I had always been under the impression that Cherokee Place, between East 77th and 78th Streets near the FDR Drive, was cut through when the Drive was constructed here in the early 1940s, but the short alley has actually been here since 1912. It was named for the Cherokee Club, an East 79th Street headquarters of the powerful Democratic Party organization, Tammany Hall. As it happens, the Cherokee Club is still there, now as an apartment building.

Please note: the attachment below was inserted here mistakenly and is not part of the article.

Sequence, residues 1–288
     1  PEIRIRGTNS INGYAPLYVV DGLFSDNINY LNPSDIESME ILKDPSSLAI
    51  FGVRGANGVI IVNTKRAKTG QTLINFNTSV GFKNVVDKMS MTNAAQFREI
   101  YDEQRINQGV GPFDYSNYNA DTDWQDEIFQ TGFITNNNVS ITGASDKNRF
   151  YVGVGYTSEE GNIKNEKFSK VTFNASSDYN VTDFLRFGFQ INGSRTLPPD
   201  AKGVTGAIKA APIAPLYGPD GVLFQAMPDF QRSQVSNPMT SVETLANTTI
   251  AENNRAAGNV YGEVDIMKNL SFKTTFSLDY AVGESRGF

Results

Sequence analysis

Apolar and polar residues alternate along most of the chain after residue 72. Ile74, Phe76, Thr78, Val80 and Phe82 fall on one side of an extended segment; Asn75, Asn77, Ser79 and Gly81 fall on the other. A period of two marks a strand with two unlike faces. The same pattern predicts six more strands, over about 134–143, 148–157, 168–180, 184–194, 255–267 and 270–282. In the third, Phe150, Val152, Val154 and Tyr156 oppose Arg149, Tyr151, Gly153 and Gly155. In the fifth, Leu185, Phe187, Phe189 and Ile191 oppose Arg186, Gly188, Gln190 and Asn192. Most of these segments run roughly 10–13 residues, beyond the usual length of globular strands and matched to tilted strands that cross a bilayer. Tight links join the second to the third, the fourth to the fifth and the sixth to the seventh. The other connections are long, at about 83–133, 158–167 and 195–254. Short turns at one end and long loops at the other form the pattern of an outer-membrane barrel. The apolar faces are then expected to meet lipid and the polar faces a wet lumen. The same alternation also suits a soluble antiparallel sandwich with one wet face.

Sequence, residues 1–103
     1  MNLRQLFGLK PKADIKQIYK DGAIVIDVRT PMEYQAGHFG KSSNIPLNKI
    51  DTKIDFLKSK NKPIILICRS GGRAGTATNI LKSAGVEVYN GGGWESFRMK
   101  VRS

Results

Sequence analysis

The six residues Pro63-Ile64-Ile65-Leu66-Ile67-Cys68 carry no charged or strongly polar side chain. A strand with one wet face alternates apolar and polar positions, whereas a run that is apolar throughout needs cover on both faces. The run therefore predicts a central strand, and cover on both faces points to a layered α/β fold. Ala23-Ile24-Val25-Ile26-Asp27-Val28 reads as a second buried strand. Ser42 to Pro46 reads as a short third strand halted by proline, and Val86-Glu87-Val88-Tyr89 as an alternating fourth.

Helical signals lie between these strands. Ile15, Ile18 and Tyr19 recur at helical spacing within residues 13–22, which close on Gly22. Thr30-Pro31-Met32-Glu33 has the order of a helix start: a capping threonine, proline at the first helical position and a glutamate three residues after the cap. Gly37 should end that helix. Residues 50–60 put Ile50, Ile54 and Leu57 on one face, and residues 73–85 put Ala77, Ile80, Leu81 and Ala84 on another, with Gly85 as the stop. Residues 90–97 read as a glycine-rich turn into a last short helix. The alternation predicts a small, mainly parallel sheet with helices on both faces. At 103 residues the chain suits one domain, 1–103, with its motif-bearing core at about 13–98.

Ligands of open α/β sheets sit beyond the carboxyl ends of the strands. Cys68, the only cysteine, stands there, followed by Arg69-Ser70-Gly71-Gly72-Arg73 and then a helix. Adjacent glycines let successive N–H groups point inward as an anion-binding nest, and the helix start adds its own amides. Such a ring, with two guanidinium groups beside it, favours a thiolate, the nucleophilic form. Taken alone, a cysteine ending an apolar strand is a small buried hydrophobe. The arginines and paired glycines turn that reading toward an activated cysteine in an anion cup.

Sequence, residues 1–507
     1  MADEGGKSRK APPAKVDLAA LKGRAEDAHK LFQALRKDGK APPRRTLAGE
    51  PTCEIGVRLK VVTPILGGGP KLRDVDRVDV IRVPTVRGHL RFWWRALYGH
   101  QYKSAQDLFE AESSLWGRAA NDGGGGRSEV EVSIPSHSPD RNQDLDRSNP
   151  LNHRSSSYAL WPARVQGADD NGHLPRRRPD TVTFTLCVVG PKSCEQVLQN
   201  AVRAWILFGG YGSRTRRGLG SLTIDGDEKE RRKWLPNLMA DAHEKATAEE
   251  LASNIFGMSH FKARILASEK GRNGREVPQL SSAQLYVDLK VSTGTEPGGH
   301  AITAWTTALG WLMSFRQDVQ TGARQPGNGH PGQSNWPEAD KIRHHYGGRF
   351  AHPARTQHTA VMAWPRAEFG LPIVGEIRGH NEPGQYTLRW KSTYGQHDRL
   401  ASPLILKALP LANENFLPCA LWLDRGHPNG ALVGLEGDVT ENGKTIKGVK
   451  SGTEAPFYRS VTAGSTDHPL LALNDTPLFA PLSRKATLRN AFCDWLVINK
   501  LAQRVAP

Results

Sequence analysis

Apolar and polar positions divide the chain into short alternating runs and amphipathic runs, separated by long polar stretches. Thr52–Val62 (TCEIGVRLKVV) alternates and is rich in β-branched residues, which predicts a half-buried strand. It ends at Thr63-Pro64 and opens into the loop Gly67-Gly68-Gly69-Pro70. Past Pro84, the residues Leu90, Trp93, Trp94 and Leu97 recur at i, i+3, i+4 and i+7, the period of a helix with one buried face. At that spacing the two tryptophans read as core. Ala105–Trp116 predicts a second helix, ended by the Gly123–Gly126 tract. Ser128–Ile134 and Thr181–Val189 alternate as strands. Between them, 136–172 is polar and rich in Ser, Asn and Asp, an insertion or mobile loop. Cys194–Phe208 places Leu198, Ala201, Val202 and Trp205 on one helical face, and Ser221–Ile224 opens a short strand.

But, what truly dominates Cherokee Place, and has since 1912, is the former Shively Sanitary Tenements (now Cherokee Apartments) with its distinctive balconies facing the river. Before today’s tuberculosis treatments, it was thought that the best way to treat ‘consumption’ was with plenty of light and air. The Shively Tenements were conceived with that thought in mind by Dr. Henry Shively, a leading physician in the treatment of tuberculosis at Presbyterian Hospital. Mrs. William K. Vanderbilt sponsored the project, which was built by architect Henry Atterbury Smith from 1909 to 1912. Every apartment in the building had a balcony, accessed by floor-to-ceiling windows, and each apartment could also be accessed from staircases, built with seats so those afflicted with TB could rest on their way up, in the inner courtyard. The apartments were miraculously filled with fresh air and sunlight in an era when most housing featured shadowy, dark rooms. The Shively Tenements were 6 stories high, making the top floors a rather uncomfortable climb for anyone of a certain age, let alone TB patients!